The necklace featured here, called simply Choker #91, is an exquisite example of Ms. Hu’s more delicate, European style work. The evoke a ballroom scene during the Belle Epoque, though Ms. Hu would be cautious about assigning any one source for inspiration.

Ms. Hu, quoted by author Nanz Aalund in the book Masters: Gold, claims many inspirations. “I look at a lot of historical jewelry and metalwork, as well as traditional non-Western body adornment, and they do influence my work, but not to the point where I wish to name a piece in reference to something in particular” {p. 25}.

Instead, she maintains a minimalist approach to naming her pieces. Each piece is numbered within its most elemental category, be it a Choker, a BraceletEarrings, or a Brooch. She hopes this simplistic naming system allows those who experience her jewels to interpret their impact through their intuition, through their gut, rather than using their minds to puzzle over the name and what it means to them.

For those interested in experiencing this gut level reaction, we are pleased to announce the ‘So Fine’ jewelry exhibition at Facèré Jewelry Art Gallery in downtown Seattle. Visitors can savor several precious pieces fashioned by Mary Lee Hu, as well as a number of pieces by other local jewelry artists, including Nanz Aalund, Megan Corwin, Maggie Davidson, Linda Kindler-Priest, Todd Pownell, and more.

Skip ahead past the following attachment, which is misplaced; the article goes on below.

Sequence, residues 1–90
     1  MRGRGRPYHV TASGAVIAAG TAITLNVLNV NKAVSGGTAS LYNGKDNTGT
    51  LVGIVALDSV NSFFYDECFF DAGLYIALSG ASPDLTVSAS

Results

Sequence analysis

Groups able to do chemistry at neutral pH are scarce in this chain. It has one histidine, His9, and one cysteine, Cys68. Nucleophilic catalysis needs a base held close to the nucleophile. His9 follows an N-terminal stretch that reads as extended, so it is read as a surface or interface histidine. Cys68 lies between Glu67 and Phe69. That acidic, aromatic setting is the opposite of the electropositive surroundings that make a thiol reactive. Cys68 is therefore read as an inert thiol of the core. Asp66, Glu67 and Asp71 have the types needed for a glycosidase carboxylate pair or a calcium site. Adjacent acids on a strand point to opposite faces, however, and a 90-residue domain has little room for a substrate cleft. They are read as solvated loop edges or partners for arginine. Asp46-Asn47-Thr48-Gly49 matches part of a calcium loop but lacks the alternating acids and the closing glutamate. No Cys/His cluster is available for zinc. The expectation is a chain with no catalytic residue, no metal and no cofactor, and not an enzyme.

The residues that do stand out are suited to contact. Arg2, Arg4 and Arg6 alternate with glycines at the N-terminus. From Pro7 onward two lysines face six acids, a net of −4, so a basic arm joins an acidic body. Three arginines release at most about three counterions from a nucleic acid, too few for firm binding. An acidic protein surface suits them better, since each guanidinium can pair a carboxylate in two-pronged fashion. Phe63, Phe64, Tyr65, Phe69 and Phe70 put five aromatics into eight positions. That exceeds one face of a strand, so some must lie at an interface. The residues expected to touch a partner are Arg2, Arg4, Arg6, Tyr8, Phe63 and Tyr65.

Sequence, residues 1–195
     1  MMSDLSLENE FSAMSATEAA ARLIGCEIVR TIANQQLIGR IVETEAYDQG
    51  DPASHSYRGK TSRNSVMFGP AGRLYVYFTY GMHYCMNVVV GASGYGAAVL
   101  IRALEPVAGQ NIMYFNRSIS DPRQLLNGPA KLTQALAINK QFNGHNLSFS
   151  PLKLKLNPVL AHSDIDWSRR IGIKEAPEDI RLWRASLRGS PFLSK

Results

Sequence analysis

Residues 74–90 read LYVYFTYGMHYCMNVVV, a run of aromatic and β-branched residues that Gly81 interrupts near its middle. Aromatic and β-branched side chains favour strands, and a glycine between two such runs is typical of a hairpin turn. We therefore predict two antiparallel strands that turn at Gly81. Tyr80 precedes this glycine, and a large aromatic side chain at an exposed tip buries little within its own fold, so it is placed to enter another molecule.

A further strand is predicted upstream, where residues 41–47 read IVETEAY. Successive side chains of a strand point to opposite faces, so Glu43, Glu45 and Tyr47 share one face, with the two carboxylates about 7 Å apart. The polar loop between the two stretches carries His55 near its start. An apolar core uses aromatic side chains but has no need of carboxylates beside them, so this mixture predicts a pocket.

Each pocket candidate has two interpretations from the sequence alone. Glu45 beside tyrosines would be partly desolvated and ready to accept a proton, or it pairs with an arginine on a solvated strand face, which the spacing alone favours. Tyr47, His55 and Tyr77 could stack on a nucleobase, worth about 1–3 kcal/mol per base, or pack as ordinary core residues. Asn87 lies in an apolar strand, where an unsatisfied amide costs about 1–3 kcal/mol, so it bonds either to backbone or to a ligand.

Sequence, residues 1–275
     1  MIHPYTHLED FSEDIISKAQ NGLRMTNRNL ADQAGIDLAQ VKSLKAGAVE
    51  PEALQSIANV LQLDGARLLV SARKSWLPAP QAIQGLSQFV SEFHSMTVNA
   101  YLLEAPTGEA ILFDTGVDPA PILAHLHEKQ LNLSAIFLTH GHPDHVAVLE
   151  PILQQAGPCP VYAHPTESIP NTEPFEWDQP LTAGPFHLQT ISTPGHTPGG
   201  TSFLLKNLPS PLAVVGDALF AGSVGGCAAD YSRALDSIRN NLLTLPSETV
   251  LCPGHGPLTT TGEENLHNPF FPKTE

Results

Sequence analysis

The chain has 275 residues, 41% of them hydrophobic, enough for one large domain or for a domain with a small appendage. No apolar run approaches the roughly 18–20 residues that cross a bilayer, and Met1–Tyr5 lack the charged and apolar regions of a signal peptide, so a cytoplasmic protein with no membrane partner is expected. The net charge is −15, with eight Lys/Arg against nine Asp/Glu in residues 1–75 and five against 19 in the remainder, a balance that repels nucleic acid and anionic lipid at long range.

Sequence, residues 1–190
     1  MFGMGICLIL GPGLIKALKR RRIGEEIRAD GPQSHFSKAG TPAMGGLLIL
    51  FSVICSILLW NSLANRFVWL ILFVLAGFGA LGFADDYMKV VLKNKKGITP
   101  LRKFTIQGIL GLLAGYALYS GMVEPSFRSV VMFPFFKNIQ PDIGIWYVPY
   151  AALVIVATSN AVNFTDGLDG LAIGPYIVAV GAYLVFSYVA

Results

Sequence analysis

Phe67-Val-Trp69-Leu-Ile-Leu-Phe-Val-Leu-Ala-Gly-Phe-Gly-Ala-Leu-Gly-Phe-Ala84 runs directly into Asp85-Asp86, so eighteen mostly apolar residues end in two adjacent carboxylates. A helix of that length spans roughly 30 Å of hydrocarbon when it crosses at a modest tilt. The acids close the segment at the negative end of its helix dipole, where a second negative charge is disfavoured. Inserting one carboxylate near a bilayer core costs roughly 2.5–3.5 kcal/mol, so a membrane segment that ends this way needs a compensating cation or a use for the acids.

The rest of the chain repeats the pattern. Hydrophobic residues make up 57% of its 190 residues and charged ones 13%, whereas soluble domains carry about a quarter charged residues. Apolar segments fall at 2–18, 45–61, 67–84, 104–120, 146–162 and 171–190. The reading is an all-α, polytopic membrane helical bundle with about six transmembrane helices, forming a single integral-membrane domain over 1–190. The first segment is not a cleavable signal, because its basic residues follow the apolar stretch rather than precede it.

The ‘So Fine’ exhibition aims to offer a fresh interpretation and expression of the notion of traditional jewelry. The gallery has chosen select pieces in which the presenting artists have explored visions of finery and fashion interpreted in precious metals and gemstones. For more information, click here.

~Angela Magnotti Andrews, Staff Writer

Sophie Hunter’s Tiffany Engagement Ring

For Sophie Hunter's engagement ring, Benedict Cumberbatch chose timeless Tiffany. While Ms. Hunter's halo ring is a dainty pairing of diamonds and blue sapphires, this modern Tiffany Lucida Diamond Engagement Ring is no less timeless in its interpretation of white diamonds and platinum. Photo ©2015 EraGem Jewelry.